Weekly Outlook of Financial Markets for June 3-7

Major commodities including oil, silver and natural gas changed direction and fell during last week. Equities markets cooled down while the forex markets didn’t have a clear trend during last week. Will this unclear trend persist? In the upcoming week several reports, speeches and events will unfold and could affect commodities, equities and forex markets; these include: U.S non-farm employment report, GB and U.S manufacturing PMI, Australia’s GDP first quarter estimate, Spain’s employment situation, ECB, RBA and BOE rate decisions and monetary policy meetings, U.S China and Canada’s trade balance reports, German industrial production, and U.S. jobless claims. Here is an economic outlook for the week of June 3rd to June 7th regarding the U.S, China, Euro Area, Canada, and Great Britain.   

(All times GMT):

Monday, June 3rd

00:30 – Australian Retail Sales: This monthly report will refer to April 2013. In the previous report, the seasonally adjusted retail sales decreased by 0.4% during March; this news may affect the Aussie dollar, which tends to be linked with commodities prices;

09:30 – GB Manufacturing PMI: This report will pertain to Great Britain’s manufacturing sector in April 2013. In the latest update regarding March 2013 the index slightly increased to 49.8. This rate gain means the manufacturing sector is still contracting but at a slow pace; this index might affect GB Pound;

15:00 – U.S. Manufacturing PMI: This report will refer to May 2013. During April, the index declined to 50.7%; this means the manufacturing is growing at a slower rate; this index may affect foreign exchange rates, crude oil and natural gas markets.

Tuesday, June 4th

05:30 – Reserve Bank of Australia – Cash Rate Statement: Following the latest decision of RBA to reduce its cash rate by 0.25 pp to 2.75% – its lowest level – this decision dragged down the Aussie dollar and commodities prices along with it. This means, it’s less likely the RBA will cut its rate again this month. Nonetheless, if the RBA will decide to reduce its rate again, this news may pull further down the Australian dollar, which tends to be strongly linked with commodities;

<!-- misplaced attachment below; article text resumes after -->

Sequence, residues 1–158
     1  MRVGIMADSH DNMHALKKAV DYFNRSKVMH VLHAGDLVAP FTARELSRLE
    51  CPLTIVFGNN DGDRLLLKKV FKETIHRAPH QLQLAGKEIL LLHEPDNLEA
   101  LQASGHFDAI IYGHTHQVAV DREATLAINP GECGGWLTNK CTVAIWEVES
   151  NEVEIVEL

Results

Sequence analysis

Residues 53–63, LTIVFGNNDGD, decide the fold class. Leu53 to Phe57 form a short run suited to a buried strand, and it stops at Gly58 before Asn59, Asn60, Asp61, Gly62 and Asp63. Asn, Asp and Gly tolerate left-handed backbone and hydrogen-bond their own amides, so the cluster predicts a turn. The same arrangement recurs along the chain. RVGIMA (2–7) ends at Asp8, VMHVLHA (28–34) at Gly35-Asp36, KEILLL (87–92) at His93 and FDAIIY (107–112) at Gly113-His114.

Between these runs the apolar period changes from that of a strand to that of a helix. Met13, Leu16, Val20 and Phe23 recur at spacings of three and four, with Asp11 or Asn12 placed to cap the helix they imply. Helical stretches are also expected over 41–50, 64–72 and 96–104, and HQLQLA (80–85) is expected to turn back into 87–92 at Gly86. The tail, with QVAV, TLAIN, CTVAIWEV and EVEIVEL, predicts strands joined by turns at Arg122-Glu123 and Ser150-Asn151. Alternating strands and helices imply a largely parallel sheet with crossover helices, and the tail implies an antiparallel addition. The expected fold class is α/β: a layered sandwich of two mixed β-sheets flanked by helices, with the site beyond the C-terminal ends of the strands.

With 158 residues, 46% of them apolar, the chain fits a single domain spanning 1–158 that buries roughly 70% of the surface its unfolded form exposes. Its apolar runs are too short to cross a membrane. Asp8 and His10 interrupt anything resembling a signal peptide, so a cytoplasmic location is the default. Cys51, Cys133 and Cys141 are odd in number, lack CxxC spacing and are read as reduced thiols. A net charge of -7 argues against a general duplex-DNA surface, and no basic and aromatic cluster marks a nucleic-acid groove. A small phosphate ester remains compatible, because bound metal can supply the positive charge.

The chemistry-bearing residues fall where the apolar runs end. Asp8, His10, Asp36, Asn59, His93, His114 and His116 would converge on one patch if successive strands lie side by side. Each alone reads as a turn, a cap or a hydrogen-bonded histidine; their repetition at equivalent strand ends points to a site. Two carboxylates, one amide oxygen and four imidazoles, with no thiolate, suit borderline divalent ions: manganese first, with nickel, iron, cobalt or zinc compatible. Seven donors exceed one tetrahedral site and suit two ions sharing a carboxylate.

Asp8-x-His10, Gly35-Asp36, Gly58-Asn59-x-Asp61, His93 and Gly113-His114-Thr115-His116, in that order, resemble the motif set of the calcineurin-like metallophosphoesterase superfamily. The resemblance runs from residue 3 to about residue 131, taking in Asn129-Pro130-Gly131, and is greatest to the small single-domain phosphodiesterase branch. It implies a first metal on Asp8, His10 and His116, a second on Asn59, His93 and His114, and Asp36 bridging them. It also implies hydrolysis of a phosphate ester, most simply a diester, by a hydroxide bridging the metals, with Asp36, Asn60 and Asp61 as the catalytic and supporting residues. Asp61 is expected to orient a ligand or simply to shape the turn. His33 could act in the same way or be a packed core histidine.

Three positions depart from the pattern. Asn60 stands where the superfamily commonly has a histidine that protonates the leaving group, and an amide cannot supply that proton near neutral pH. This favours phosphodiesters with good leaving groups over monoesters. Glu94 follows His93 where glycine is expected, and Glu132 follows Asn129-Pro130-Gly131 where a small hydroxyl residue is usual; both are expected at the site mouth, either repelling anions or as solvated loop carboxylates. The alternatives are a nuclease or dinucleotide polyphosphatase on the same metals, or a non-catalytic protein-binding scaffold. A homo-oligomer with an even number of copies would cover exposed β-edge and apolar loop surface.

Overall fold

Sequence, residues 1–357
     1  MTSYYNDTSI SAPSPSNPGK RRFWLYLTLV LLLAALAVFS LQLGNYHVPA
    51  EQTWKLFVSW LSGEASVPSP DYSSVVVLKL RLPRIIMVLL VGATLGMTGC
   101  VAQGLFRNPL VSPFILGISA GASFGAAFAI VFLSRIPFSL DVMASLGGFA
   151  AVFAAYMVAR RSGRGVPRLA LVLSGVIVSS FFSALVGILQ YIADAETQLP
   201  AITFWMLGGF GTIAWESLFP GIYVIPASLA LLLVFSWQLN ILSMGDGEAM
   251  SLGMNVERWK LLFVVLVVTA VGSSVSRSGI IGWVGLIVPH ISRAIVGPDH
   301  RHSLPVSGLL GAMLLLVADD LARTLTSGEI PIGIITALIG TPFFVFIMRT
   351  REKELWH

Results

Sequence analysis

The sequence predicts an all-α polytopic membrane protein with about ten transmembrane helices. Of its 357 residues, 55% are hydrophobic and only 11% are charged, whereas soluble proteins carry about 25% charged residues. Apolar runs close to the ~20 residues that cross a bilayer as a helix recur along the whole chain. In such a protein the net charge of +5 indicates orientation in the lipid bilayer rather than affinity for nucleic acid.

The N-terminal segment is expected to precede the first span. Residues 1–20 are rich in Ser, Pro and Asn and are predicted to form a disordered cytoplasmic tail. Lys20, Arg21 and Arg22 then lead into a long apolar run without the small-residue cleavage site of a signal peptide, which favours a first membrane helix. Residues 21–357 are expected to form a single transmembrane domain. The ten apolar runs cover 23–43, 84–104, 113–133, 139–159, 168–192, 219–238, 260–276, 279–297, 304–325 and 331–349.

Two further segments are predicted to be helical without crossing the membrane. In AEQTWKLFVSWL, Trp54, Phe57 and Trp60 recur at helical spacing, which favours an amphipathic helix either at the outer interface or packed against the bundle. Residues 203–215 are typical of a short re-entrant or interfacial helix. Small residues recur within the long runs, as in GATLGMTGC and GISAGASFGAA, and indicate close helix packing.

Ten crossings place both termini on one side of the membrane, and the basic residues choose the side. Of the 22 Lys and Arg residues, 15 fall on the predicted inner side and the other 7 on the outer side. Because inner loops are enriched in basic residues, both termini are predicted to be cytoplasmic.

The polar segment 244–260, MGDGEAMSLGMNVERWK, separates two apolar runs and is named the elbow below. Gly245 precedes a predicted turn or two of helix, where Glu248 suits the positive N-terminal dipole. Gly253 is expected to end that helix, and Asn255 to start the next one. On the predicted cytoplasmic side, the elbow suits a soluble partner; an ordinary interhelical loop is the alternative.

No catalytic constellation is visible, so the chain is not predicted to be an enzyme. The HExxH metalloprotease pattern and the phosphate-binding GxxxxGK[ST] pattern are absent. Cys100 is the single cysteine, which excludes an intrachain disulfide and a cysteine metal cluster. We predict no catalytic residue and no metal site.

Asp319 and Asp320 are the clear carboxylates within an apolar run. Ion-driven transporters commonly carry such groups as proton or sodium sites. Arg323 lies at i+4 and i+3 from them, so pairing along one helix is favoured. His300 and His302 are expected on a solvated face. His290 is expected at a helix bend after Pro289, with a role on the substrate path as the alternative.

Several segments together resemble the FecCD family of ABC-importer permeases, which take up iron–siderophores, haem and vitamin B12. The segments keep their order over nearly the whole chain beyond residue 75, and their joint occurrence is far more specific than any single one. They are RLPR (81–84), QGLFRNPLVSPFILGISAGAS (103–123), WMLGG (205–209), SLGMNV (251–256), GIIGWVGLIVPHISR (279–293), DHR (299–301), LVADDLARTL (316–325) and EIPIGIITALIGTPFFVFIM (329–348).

08:00 – Spain’s unemployment Change: the number of people unemployed in Spain fell in April by 46.1k. This mean, the employment situation in Spain has slightly improved. If in the upcoming report the number of unemployed will rise, this may pull down the Euro;

13:30 –American Trade Balance: This monthly report for April will show the developments in imports and exports of goods and services to and from the U.S, such as commodities such as oil and gas; according to the recent American trade balance report regarding March the goods and services deficit declined during the month to $38.8 billion;

13:30 – Canadian Trade Balance: In the previous report regarding March 2013, exports sharply rose by 5.1% and imports increased by 1.7%; as a result, the trade balance shifted from a $1.2 billion deficit in February to $24 million surplus in March; this report may affect the Canadian dollar which tends to be correlated with prices of commodities;

02:30 – Australian GDP First Quarter 2012: This quarterly report will refer to the Australia’s GDP growth rate for the first quarter of 2013. In the fourth quarter of 2012, the GDP expanded by 0.6% (seasonally adjusted). The slowdown in China’s economy might have also adversely affected the progress of Australia’s economy. Australia is among the leading countries in exporting commodities including as oil, LNG, and metal ores; if the GDP growth rate will slip, it could affect the path of Australia dollar (see here last report);

Wednesday, June 5th

13:15 – ADP estimate of U.S. non-farm payroll: ADP will publish its estimate for the forthcoming U.S non-farm payroll change for May 2013 that will come out on Friday;

15:00 – U.S. ISM Non-Manufacturing PMI: This monthly update will refer to the changes in the non-manufacturing sector during May 2013. For the last update, this index slipped to 53.1% – thus, the non-manufacturing is expanding and at a slower rate than in the previous month; this index may affect the US dollar;